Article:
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Environmental implications and institutional challenges of China’s wind power development: integrating input-output analysis and life cycle analysis

Li, Xin (2012) Environmental implications and institutional challenges of China’s wind power development: integrating input-output analysis and life cycle analysis. PhD thesis, University of Leeds.

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Abstract

Wind power in China has been experiencing substantial growths in the past decade. Accumulated generation capacity increased from 381.2 MW in 2001 to 62,364.2 MW in 2011, which could increase to 200 GW and 1,000 GW by 2020 and 2050, respectively. Despite the considerable growth in generation capacity and promises of a bright future, issues such as the power grid infrastructure and back-up systems, and life cycle environmental impacts of wind power development in China are largely overlooked. This thesis aims to investigate the capability of power grid infrastructure, the feasibility of back-up systems and the carbon dioxide and water implications of wind power in China. The research shows that (in Chapter 4) China’s power grid infrastructure is not capable of absorbing and transmitting wind-powered outputs. In addition, back-up systems are either geographically unavailable or financially infeasible. An analysis use the input-output based hybrid life cycle analysis to estimate the CO2 emissions and water consumption of wind power in China (in Chapter 5). The results show that China’s wind energy consumes 0.64 litre/kWh of water and produces 69.9 grams/kWh of CO2 emission, which could contribute a 23% reduction in carbon intensity and could save 800 million m3 of water in China by 2020. A further analysis based on the integrated hybrid life cycle analysis to evaluate and compare the CO2 emissions and water impacts of coal-fired power, wind power and solar power generation in Inner Mongolia, China. This chapter shows that substantial reductions in CO2 emissions and water consumption can be attained if the existing coal-dominated power generation were substituted by wind power. This research concludes that China’s wind power would face significant barriers due to insufficient grid infrastructure and infeasible backup systems that are mainly resulted from institutional challenges. Nevertheless, wind power could help China to save carbon emissions and water consumption at both national and regional level.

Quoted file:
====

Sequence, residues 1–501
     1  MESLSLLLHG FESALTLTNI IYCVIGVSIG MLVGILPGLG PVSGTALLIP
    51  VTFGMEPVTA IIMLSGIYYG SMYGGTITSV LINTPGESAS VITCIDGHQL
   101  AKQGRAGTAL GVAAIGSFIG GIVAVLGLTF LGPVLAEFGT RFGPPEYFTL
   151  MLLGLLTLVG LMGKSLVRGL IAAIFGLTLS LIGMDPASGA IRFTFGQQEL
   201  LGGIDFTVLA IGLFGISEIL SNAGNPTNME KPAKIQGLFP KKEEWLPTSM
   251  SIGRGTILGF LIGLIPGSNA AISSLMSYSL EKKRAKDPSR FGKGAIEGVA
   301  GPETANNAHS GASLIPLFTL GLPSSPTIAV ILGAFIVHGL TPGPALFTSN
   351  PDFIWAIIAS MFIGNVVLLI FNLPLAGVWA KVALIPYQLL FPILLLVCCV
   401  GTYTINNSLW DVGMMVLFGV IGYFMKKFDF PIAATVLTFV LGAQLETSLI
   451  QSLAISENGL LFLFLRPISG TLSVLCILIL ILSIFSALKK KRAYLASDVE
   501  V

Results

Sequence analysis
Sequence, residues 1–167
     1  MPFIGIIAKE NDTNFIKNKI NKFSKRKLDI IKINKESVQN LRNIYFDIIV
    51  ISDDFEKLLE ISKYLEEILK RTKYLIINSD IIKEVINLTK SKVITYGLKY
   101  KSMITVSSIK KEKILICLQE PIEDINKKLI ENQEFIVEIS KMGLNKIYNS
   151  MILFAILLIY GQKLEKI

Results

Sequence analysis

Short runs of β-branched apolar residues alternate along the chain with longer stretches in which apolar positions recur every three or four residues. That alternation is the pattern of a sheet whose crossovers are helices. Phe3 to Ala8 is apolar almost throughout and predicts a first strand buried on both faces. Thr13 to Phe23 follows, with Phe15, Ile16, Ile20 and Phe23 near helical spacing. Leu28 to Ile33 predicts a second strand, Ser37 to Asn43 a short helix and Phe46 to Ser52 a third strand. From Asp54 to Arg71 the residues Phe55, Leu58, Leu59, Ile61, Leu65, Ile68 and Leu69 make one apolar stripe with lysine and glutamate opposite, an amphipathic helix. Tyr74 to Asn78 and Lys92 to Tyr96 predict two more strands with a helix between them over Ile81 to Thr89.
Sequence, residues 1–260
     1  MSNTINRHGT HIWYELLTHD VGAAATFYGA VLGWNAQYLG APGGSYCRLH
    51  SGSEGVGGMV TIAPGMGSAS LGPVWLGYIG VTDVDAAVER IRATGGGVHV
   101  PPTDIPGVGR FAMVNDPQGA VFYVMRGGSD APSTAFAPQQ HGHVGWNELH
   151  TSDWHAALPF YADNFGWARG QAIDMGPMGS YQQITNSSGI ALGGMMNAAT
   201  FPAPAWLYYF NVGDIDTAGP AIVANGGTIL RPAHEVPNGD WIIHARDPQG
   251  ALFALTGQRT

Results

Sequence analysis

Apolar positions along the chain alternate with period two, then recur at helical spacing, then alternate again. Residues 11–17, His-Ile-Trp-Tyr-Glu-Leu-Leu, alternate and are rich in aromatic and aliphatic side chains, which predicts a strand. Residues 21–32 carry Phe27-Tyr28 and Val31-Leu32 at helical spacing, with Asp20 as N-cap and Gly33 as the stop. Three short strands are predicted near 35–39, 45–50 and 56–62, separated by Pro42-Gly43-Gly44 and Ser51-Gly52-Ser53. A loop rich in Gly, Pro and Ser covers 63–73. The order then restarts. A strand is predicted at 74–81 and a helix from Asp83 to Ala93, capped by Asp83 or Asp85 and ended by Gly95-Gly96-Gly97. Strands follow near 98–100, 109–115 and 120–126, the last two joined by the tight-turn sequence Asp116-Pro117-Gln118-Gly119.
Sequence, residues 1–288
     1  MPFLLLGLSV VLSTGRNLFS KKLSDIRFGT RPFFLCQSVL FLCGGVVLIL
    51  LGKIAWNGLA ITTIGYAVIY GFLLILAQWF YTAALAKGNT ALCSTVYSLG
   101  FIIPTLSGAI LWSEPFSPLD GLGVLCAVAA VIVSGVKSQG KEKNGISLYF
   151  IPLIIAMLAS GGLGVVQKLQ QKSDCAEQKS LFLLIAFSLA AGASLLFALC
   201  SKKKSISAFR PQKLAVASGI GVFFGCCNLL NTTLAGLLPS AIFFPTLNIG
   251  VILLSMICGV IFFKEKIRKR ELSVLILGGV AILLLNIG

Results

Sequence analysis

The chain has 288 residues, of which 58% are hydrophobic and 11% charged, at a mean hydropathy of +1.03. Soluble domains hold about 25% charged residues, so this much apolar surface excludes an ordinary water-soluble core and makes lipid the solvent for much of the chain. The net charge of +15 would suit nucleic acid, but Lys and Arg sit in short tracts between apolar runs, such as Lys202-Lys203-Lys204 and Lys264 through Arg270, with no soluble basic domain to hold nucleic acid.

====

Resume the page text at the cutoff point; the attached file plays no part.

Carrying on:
Item Type: Thesis (PhD)
ISBN: 978-0-85731-275-4
Academic Units: The University of Leeds > Faculty of Environment (Leeds) > Institute for Earth, Energy and Environment (Leeds)
Identification Number/EthosID: uk.bl.ethos.595057
Depositing User: Repository Administrator
Date Deposited: 10 Mar 2014 10:40
Last Modified: 03 Sep 2014 10:49
URI: http://etheses.whiterose.ac.uk/id/eprint/5432

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